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ABAI Phokis, Greece.

Important city near Exarcho village in the upper reaches of a tributary of the Kephisos. Abai and nearby Hyampolis were on the main Orchomenos-Opous road, and astride the main route from E Lokris into NE Phokis (Paus. 10.1.1, 35.1). The valley was the scene of two famous Phokian victories over the Thessalians, shortly before 480 (Hdt. 8.27-28; Paus. 10.1.3-11). Half of the spoils and several colossal figures were dedicated to Apollo at Abai; this oracular shrine was famous enough to be consulted by Croesus (Hdt. 1.46).

The hill of Abai is encircled by two well-preserved lines of wall; a considerable portion of these has been regarded as archaic. Some parts, and probably also the walls descending the E and NE slopes to the plain, can hardly be earlier than the mid 4th c. There are scattered remains inside these latter walls, and Pausanias saw an ancient theater and agora.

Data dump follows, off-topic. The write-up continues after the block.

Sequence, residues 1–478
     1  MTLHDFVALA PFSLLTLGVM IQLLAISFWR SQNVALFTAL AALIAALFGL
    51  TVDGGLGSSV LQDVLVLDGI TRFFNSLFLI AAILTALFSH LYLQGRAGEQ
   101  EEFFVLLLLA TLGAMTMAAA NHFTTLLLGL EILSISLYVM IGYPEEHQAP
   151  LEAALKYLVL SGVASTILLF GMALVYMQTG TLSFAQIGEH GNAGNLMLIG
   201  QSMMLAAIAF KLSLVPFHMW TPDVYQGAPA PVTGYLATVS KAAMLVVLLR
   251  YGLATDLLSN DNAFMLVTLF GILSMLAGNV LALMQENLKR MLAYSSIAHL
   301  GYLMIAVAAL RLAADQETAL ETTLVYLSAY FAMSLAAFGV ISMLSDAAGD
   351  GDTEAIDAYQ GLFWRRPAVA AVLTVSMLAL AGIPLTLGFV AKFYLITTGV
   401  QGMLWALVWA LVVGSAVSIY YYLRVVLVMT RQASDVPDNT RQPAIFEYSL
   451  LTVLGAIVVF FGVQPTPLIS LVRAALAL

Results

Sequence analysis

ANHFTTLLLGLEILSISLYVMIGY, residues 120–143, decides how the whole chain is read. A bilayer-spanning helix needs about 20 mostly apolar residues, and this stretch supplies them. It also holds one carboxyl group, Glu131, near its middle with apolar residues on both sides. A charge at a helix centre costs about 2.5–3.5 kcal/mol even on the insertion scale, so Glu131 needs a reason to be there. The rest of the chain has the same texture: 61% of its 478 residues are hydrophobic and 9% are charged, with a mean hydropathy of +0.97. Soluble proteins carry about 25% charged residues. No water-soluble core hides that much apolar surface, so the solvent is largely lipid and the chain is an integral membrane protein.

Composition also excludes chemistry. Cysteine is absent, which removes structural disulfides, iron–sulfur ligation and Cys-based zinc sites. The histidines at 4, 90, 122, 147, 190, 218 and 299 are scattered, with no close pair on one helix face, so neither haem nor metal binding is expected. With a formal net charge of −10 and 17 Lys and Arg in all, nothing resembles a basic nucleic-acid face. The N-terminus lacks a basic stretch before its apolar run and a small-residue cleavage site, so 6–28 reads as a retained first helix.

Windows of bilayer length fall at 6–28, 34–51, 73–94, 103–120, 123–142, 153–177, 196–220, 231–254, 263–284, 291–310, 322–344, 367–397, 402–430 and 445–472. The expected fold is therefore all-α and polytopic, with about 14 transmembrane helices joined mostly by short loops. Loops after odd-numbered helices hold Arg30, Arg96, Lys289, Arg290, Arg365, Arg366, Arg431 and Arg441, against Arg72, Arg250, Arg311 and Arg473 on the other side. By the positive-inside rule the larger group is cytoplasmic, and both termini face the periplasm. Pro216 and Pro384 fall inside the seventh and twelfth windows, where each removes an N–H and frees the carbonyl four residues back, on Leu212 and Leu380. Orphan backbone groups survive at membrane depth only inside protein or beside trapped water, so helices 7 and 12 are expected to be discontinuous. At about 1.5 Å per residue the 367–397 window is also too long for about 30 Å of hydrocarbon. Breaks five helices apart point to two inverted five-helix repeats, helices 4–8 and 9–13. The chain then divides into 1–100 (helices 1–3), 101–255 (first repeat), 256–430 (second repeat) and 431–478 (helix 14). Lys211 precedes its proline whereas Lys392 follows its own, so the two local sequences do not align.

Some 600 m NW of the city a temenos was explored, probably that of Apollo. In addition to a classical stoa, it contained two buildings, identified as the old temple, burned by Xerxes and again in the Third Social War, and a small Hadrianic replacement (Paus. 10.35.2-4). IG IX 1.78 is a letter from Philip V reconfirming the ancient tax-exemption of the sanctuary.

Cemeteries have been found W of the sanctuary, and also near Exarcho.


V. W. Yorke in JHS 16 (1896) 291ff; J. G. Frazer, Paus. Des. Gr. V (1898) 436ff; G. Soteriadis, Praktika (1909) 125-26; F. Schober, Phokis (1924) 20ff; R. L. Scranton, Greek Walls (1941) 37-38, 47.


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